Diversity in Nursing: Male Nurses & Minorities
At 3.1 million, nurses are the largest group of healthcare professionals in the United States (MinorityNurse.com, 2014). And as America’s population has become increasingly diverse, so too has the field of healthcare, with men and minorities shifting to nursing in increasing numbers.
According to current statistics, the male nursing population is about 9.1% for Registered Nurses, and about 7% for Licensed Practical Nurses. The American Association of Colleges of Nursing (AACN) 2012 State of the Schools created a report, based on responses from 87.5% of schools with nursing baccalaureate and graduate programs. They found that 11.4% of students in BSN programs are men, as are 9.9% of students in master’s nursing programs, 6.8% of students in research-focused doctoral programs and 9.4% in practice-focused doctoral programs.
Experts attribute the growing numbers of male nurses to a decrease in gender stigma about men working in the profession, changing perceptions about the male’s role in general and the economy. With an increasingly high demand for skilled nursing care, the U.S. Census Bureau reports that the nursing profession enjoys low unemployment rates: 1.8% for RNs and 0.8% of nurse practitioners and nurse anesthetists. It also found male representation highest among nurse anesthetists at 41%. Male nurse anesthetists earned more than twice as much as the male average for all nursing occupations: $162,900 annually vs. $60,700.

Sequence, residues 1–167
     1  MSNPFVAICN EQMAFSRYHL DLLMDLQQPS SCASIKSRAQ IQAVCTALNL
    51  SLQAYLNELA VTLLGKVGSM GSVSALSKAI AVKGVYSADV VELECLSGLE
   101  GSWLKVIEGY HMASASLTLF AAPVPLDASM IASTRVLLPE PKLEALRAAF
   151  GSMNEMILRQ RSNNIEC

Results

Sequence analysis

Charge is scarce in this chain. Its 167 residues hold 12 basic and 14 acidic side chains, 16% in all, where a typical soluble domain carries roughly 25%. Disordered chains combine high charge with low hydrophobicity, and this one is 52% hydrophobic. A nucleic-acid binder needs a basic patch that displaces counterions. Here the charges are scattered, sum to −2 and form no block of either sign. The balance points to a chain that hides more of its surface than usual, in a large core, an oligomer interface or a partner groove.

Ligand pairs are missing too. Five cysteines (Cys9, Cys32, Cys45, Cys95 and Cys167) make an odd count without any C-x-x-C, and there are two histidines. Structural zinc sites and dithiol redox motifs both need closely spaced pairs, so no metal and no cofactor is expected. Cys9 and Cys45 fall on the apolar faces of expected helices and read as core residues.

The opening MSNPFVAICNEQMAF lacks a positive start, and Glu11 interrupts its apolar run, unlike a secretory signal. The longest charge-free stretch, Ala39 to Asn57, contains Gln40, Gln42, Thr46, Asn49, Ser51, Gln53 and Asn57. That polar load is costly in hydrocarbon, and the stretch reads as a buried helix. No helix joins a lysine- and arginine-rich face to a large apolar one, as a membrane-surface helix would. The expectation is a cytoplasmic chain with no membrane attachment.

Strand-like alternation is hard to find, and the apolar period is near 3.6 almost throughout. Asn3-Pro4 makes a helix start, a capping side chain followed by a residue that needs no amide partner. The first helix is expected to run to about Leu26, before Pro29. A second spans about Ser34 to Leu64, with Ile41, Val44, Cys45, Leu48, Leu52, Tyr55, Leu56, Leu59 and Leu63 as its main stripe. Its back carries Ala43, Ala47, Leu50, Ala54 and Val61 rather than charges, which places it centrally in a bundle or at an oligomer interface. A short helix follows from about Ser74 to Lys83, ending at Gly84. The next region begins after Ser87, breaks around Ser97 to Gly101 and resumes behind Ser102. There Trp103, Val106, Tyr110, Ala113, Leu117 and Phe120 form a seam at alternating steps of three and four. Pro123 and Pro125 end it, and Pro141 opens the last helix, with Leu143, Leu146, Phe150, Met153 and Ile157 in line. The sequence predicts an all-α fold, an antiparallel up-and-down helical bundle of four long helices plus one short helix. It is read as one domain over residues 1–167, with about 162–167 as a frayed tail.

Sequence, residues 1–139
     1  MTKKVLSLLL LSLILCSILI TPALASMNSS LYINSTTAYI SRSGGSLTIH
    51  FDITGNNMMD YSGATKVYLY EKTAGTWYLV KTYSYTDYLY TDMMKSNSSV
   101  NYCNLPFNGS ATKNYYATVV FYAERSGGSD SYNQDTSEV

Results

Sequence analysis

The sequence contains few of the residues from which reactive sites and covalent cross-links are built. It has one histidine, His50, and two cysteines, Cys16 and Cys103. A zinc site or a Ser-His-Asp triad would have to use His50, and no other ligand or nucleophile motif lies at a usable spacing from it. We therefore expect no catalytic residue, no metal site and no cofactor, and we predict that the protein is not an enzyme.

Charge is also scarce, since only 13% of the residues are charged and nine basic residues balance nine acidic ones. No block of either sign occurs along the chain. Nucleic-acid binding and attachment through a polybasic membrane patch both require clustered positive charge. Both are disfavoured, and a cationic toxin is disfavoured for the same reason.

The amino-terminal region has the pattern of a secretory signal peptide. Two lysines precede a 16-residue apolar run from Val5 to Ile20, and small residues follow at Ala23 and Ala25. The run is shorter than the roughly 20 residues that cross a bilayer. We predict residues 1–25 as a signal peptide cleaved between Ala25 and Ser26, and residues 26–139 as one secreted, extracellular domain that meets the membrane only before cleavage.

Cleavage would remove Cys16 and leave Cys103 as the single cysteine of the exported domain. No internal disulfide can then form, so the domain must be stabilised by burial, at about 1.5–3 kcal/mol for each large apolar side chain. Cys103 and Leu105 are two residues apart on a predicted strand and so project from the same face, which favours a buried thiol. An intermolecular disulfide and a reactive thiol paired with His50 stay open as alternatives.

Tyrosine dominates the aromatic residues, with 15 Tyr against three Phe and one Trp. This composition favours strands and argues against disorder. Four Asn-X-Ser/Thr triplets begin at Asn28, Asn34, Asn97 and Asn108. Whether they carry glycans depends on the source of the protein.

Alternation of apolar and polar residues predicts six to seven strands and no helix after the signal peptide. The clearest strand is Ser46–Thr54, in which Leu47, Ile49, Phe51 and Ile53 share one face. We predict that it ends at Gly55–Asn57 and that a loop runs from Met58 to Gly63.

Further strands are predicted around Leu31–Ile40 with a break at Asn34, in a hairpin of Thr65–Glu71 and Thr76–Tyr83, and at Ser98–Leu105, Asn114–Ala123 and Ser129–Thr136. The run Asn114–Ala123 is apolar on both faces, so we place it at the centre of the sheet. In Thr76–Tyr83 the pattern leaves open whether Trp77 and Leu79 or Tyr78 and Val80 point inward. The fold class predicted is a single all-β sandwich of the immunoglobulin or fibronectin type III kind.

Minority groups are also increasing within the nursing profession. This is a much-needed development, as several studies have shown that patients find it reassuring to receive care from someone who comes from the same ethnic or racial background. Yet recruiting more ethnically and racially diverse students requires a concerted push that should employ outreach efforts in schools and community organizations, to educate possible candidates about the opportunities available in nursing. According to Kathleen Potempa, PhD, RN, FAAN, dean of the University of Michigan’s School of Nursing in Ann Arbor, “Diversity is critical to the profession from many perspectives.”
When comparing the ethnic diversity of nurses to the general public in the U.S., the 2010 U.S. Census found that 16.3% of Hispanic Americans self-identified as Latino, 12.6% as Black or African American, and 4.8% as Asian. This compares favorably to the 2012 Bureau of Labor Statistic’s Current Population Survey (CPS) that reported that of the 2.875 million nurses in the United States, 6.1% were Hispanic, 11.5% Black and 7.3% Asian. The American Association of Critical-Care Nurses (AACN) also reported a recent study that found an increase in minority BSN students, with 72% identifying as white, 7% Hispanic, 10.3% Black and 8.8% Asian (Robert Woods Foundation & IOM, 2011).
Since healthcare has strong cultural roots, experts suggest that it is important to ensure diversity among nurses. Nurses who have similar backgrounds to their patients can more completely understand their culture, which can lead to better outcomes.
American Association of Colleges of Nursing [AACN]. (2012). State of the Schools Report. MinorityNurse.com. (2014). Nursing Statistics. The Robert Woods Foundation & Institute of Medicine [IOM]. (2011). The Future of Nursing: Leading Change, Advancing Health. Biography:
Debra Wood is a registered nurse and writer living in Orlando, Fla. with her two dogs. She has received the international nursing honor society Sigma Theta Tau’s media award for excellence in journalism, as well as writer’s association honors for her creative work.